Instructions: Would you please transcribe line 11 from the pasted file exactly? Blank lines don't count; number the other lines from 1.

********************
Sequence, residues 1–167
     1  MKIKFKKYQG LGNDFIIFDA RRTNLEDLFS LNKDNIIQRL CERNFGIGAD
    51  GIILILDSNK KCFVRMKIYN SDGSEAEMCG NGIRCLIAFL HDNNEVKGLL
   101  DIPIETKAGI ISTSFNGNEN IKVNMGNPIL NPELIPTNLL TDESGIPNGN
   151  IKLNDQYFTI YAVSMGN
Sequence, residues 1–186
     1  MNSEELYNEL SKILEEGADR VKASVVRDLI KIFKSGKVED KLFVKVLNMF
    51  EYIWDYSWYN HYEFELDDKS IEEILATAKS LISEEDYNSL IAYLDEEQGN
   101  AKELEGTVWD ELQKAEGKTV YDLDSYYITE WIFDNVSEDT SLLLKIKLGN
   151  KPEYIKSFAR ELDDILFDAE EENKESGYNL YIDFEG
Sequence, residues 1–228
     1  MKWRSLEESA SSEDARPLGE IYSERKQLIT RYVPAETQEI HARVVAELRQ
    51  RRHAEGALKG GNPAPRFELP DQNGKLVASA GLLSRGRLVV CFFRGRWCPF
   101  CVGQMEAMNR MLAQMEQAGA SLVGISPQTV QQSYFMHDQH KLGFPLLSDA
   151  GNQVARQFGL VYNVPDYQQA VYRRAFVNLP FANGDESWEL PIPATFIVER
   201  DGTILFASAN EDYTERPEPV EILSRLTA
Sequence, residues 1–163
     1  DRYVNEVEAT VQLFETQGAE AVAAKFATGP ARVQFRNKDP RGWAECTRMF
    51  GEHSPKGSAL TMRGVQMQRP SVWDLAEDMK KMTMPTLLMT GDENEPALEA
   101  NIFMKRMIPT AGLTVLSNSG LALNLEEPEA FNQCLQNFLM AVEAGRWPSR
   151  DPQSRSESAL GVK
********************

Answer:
Sequence, residues 1–228